10. (tie) AZ: A.W.O.L. / The Perceptionists: Black Dialogue / One.Be.Lo: S.O.N.O.G.R.A.M.

I didn’t want to leave any of these albums out. You all know about these so I won’t tell you. I was thinking about putting Atmosphere in here, but I just wasn’t feeling their new album that much.

9. Blackalicious: The Craft

My favorite group, I wish I could put them in the number one slot, but that would be simply lying to myself and the three to four other people who read this. It was a solid album, but I just wasn’t feeling the turn that Chief took on the production tip. There were some great songs (“Automatique,” “Supreme People,” “the Craft”) but I’m growing tired of songs like “Rhythm Sticks,” where Gab tries to substitute his already dope lyrics for a weak concept song (trying to spell out Blackalicious). Still, this was better than most and most of this album was pretty damn good.

8. J-Live: The Hear After

Lyrically, one of the best albums this year; but you would expect nothing less from J-Live. The production was by no means bad, but damn, think of the potential if he actually hooked up with some of the best indie producers. Either way, the focus of this record was more lyrical and with his talent, I often forgot about the beat.

7. Edan: Beauty and the Beat

Along with “Danger Doom,” this had to be one of the most creative and daring hip-hop albums of the year. He showed flashes of RJD2 on the boards, flashes of a more lyrical Beastie Boy on the mic, and flashes of brilliance when infusing the psychedelic sound of the 70s into his hip-hop. I say flashes because “Beauty and the Beat” was only 34 minutes long. Edan, you’re good, but you’re not Nas and even Nas ain’t that nasty anymore. We want more.

6. Kanye West: Late Registration

Maybe it’s his egocentricity. Maybe it’s because I feel like Rolling Stone (a magazine I greatly admire) needs to take two steps back before their lips get caught in his zipper (album of the year? Ha..). Or maybe it’s because I can’t place this album too high when I feel his debut album was at least two stars better than this one, but I feel like I have to justify why another album is this low in my list. Yea, the production is great. Yea, the lyrics aren’t bad. But no matter how many people praise him for hiring that Fionna Apple guy, I think he was better without him. There, I said it. Really good album nonetheless.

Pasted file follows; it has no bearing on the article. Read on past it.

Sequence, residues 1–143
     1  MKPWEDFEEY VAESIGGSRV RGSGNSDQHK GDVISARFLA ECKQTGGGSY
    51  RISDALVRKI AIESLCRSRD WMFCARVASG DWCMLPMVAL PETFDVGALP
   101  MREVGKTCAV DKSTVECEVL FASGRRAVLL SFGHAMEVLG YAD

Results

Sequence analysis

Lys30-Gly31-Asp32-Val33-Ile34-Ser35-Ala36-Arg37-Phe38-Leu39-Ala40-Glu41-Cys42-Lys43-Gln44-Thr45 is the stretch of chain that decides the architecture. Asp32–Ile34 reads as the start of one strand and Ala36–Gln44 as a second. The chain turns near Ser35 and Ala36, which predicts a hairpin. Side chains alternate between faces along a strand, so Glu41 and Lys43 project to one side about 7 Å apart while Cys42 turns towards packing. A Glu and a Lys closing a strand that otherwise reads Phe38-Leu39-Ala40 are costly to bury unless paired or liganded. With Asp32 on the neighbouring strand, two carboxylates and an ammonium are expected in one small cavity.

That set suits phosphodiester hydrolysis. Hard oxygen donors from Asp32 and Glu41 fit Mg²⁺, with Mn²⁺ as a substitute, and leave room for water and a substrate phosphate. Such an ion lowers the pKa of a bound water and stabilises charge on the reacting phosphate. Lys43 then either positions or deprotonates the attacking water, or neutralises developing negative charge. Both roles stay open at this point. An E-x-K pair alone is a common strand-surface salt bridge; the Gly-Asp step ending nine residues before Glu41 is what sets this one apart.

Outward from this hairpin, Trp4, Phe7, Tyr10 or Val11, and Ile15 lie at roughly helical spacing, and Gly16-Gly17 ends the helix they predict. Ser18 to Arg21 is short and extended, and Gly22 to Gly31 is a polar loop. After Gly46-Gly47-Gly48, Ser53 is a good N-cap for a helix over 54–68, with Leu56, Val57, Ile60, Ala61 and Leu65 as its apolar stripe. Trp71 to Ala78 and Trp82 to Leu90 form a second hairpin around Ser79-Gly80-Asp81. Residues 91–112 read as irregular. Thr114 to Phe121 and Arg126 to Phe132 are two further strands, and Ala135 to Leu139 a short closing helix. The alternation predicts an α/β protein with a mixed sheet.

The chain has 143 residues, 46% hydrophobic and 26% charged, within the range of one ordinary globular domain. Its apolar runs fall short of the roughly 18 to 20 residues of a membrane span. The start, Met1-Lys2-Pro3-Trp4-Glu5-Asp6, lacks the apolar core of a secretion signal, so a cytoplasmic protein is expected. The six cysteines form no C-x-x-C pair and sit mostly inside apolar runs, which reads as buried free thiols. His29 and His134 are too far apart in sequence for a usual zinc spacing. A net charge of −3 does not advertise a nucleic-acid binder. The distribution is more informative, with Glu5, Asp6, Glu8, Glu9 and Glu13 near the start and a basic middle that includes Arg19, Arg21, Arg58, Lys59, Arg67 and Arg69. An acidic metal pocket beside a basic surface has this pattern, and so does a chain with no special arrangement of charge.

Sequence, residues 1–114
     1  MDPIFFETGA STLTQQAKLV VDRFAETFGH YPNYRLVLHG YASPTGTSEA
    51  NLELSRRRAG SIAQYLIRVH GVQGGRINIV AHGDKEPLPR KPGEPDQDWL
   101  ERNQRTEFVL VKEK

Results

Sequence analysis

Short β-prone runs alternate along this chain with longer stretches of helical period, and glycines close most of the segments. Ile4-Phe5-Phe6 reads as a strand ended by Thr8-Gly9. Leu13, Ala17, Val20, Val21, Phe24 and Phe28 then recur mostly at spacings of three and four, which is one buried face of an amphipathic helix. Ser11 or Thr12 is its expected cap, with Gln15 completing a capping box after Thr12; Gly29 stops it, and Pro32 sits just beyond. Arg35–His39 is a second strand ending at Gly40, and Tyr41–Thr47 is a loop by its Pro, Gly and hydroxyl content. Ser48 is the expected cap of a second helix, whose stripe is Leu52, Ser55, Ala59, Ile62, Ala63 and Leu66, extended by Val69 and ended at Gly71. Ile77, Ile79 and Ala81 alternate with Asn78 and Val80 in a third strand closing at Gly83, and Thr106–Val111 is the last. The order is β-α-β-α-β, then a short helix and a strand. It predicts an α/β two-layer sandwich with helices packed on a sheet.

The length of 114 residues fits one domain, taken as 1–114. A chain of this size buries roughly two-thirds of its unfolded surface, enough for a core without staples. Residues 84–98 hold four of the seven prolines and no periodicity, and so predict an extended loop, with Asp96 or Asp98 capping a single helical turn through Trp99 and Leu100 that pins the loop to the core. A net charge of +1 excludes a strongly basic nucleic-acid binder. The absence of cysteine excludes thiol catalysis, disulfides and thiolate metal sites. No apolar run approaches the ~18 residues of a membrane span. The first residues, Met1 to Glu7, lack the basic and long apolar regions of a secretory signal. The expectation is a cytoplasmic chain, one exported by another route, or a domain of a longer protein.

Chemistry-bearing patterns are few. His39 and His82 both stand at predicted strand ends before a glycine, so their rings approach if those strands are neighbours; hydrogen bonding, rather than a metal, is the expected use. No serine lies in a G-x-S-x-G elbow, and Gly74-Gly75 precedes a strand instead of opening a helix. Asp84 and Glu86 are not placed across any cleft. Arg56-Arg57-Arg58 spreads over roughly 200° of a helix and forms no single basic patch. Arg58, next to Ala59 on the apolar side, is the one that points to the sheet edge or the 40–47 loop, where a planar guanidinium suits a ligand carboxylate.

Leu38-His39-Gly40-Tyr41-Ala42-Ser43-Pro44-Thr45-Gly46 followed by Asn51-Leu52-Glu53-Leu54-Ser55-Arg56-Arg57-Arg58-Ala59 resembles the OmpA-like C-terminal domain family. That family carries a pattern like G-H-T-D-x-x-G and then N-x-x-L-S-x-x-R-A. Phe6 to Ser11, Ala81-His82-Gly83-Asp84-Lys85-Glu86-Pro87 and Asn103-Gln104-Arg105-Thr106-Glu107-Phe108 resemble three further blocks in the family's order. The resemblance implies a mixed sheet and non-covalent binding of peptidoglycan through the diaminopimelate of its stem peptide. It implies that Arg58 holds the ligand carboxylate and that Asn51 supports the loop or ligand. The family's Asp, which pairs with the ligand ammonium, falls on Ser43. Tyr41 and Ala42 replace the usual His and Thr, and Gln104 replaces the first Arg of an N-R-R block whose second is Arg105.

5. Danger Doom: The Mouse and the Mask

This was just plain entertaining. You knew what you were going to get before you heard it. Doom is one of the best, Dangermouse is quickly being recognized as one of the best, and they’re both kind of odd, so when you combine the two, you get none other than a good ass weird album.

4. Common: Be

I thought this was going to be the album of the year. Obviously having only Kanye & Dilla handle the production made for a great, soulful canvas for Common to paint over, but, only compared to the incredibly high expectations he already set, I was slightly disappointed by the lyrics. Don’t get me wrong, even on this album, Common’s lyrics shine over most any other MC. He just didn’t seem to have that lush spiritual viewpoint that he had in “Resurrection” “One Day….” or “Like Water…” I’m talking about when he seemed be very much part of the struggle, but also above it, simply observing with unbiased eyes. This record showed flashes of both, but it just didn’t have that edge to it that his other albums have had. But when you have to spend that many words justifying why an album isn’t the BEST album of the year, it’s not such a bad thing.

3. Zion I: True & Livin’

I don’t know how these guys still manage to go under the radar. Their Oakland funk trades off shades of futuristic and organic vibes thanks to Amp Live’s highest level of producing. Zion fits perfectly over his beats and creates his most political, emotional, and celebratory array of lyrics yet. Throw in the all-star guest list (Aesop, Gift of Gab, Del, Kweli) and you have a great album.

2. Little Brother: The Minstrel Show

This was easily the most soulful hip-hop record of the year. How the hell does 9th Wonder do that on Fruity Loops? No matter how he did it, the production was lush with soul and great sample choices. There were no bad tracks on this album. Pooh took strides in flow and confidence since “The Listening” and Phonte’ (already dope in fundamental MC skills) became more introspective, probably an after shock of Foreign Exchange. When all was said and done, few albums had as much life, personality, and replay value as the latest from Little Bro.

1. Cage: Hell’s Winter

This was the truest, rawest album of the year. No other album conjured up as many emotions as “Hell’s Winter.” There was heartbreak, inspiration, political diatribe, depression, battle raps, and even a few danceable tracks. Cage narrated his f**** up life with the same meticulous attention to detail that any great author utilizes when writing a book. Combine that with stellar production from indie hip-hop’s dream line-up of producers and you’ve got yourself the album of the year.